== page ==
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Bosses at national broadcaster TVE creating “parallel newsroom”

Workers warn that new hirings have coincided with transfer of reporters to obscure shows

TVE's news coverage of the general elections in November 2011.
TVE's news coverage of the general elections in November 2011.

The decision by Spanish state broadcaster TVE to hire 11 journalists via a fast-track procedure for its television newscasts has sparked a wave of protests among staff reporters, who call it the latest attempt to make TVE conform to the government’s views.

TVE workers and unions are already talking about “a parallel newsroom,” a model that was successfully introduced some time ago at the regional public broadcaster Telemadrid. The president of RTVE, José Antonio Sánchez, used to work at Telemadrid before his current appointment. The regional channel has often come in for criticism due to its perceived bias in favor of the regional Popular Party government, which owns the station.

Company officials at TVE said the new hirings were justified because of the “dense electoral year” up ahead, which includes local, regional and national elections, including early elections in Andalusia and Catalonia. Covering all of these events will require “a significant effort from the national desk, which will need reinforcement from other sections, which will in turn create dysfunctions in an already tight newsroom.”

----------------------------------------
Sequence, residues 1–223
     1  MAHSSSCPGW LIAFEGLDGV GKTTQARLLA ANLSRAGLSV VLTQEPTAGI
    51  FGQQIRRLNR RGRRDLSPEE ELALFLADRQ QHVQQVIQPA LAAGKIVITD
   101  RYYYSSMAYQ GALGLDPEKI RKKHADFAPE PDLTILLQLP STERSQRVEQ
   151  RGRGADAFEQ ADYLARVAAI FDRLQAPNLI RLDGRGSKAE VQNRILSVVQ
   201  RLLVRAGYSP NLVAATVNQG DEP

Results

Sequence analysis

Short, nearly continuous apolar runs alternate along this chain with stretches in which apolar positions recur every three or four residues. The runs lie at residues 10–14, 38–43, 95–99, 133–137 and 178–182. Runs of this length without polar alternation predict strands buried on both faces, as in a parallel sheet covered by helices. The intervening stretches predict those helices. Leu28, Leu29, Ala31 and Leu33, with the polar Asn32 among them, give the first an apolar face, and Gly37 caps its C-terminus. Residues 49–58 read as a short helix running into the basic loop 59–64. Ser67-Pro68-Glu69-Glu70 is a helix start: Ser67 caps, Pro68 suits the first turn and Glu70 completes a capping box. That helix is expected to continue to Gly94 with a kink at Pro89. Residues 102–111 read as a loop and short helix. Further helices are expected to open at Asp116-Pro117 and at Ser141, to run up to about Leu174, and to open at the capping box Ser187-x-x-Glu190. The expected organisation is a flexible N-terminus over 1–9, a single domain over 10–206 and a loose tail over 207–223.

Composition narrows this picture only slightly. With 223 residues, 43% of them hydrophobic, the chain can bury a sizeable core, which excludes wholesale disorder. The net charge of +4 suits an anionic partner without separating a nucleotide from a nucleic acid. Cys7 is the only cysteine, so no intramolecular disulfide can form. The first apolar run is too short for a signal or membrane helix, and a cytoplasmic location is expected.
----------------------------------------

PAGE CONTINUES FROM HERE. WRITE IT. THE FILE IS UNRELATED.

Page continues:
The new management team has had a chance to create a newsroom in its own image”

TVE reporter

But a spokesperson for the UGT labor union said that this is all about “replacing the voices of our own professionals with government mouthpieces.”

Of the 11 new employees, several came from Intereconomía, a small private network known for its right-wing ideology. Meanwhile, TVE employees noted that several regular newscast workers have been transferred to obscure programs such as Agrosfera, which covers agricultural issues, or to En lengua de signos, a news program broadcast in sign language.

“This way, the new [management] team has had a chance to create a newsroom in its own image,” said one seasoned reporter at TVE.

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This is not the first time that TVE has faced accusations of bias. Prior to the 2004 elections, the network was widely perceived to serve as a mouthpiece of the party in power. The Socialist government of Prime Minister José Luis Rodríguez Zapatero, however, took measures to increase TVE’s independence, looking to the BBC for inspiration. However, since the Popular Party returned to power in 2011, both industry insiders and viewers have complained of a return to the network’s past.

For example, in August 2012, the anchor of the morning show Los desayunos de TVE, Ana Pastor, claimed that she was being laid off by the network due to a politically motivated decision. Pastor specialized in interviewing politicians, and had a highly publicized on-air confrontation with the secretary general of the ruling Popular Party (PP), María Dolores de Cospedal.

Public regional broadcasters in Spain have also been struggling in recent years due to dwindling budgets and falling audiences, who often view these stations as controlled by the party in government. In late 2013, the Valencian station Canal Nou completely shut down.

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